• Small repetitive sequences (microsatellites) are very susceptible to increases in the mutation rate.
    • These repetitive sequences can be surveyed to see if there are differences in their sequence between the normal and tumor tissues from an individual.
    • If changes are seen the tumor can be referred to as showing “microsatellite instability”.
    • Typically there is good concordance between seeing that a tumor is by immunohistochemistry immunodeficient for one of these gene products and the finding of microsatellite instability.
    • Observing either one or both in a tumor increases the likelihood a familial mutation is present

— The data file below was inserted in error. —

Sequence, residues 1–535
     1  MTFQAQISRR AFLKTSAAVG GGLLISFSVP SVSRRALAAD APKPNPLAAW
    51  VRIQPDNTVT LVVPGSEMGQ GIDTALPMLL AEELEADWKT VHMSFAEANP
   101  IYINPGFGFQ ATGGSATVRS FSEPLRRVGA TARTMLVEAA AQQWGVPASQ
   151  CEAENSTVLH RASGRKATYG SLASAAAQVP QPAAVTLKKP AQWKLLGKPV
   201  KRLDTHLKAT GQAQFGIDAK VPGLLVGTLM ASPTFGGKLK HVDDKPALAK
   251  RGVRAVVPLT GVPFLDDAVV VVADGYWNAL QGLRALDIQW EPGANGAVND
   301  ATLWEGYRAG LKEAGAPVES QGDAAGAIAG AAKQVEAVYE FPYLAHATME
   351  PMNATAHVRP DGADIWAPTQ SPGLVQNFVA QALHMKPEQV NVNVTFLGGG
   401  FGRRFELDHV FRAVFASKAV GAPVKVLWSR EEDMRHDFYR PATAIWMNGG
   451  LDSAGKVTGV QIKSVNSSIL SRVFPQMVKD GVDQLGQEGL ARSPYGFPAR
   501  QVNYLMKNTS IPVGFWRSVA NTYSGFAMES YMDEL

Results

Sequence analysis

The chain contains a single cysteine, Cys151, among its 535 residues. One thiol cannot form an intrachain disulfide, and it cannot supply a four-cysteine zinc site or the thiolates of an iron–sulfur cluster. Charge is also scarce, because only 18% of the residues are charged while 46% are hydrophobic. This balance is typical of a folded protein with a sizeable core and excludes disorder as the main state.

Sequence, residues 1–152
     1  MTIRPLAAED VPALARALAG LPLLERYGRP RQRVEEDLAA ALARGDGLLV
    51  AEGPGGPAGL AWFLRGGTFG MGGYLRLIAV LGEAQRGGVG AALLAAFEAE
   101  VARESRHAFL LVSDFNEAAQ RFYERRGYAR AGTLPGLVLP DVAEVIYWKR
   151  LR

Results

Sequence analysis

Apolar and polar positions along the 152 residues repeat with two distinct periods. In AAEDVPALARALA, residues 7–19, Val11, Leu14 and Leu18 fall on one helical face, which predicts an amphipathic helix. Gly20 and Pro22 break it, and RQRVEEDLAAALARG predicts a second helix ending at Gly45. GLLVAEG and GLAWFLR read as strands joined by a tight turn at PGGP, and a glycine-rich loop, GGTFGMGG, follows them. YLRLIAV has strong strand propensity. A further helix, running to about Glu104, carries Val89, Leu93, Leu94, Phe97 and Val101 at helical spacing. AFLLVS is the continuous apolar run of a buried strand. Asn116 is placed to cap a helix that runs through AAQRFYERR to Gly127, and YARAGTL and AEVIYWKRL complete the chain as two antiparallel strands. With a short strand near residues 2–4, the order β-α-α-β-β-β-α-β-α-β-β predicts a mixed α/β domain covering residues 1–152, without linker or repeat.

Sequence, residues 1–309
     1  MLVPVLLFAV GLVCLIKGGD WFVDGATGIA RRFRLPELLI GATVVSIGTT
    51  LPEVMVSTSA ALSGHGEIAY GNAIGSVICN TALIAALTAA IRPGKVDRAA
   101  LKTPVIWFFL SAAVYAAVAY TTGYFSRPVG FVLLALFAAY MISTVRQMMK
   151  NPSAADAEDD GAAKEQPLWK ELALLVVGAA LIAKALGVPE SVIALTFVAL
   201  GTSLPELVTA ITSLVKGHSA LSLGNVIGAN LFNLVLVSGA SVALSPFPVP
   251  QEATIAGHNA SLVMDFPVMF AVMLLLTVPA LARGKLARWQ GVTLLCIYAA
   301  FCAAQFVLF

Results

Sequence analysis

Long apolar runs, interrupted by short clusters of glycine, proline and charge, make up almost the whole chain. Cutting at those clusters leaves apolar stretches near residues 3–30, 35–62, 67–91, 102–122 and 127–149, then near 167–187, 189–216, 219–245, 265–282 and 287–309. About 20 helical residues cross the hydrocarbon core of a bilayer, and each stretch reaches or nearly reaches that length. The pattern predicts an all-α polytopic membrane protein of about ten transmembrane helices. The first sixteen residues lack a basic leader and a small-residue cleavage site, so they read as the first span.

• Pathology and Genetic Evidence for Increased Risk of Hereditary Colorectal Cancer
    • Colonic ademoma or other Lynch syndrome associated cancers can be found in the laboratory to have one or both of the following properties which increase the likelihood a familial mutation is responsible.
    • The tumors:
      • Are deficient for immunohistochemical staining for the proteins
        • MSH2, MLH1, MSH6 and/or PMS2
      • Show evidence of genetic instability of small repetitive DNA sequences (microsatellites) when compared to normal tissue.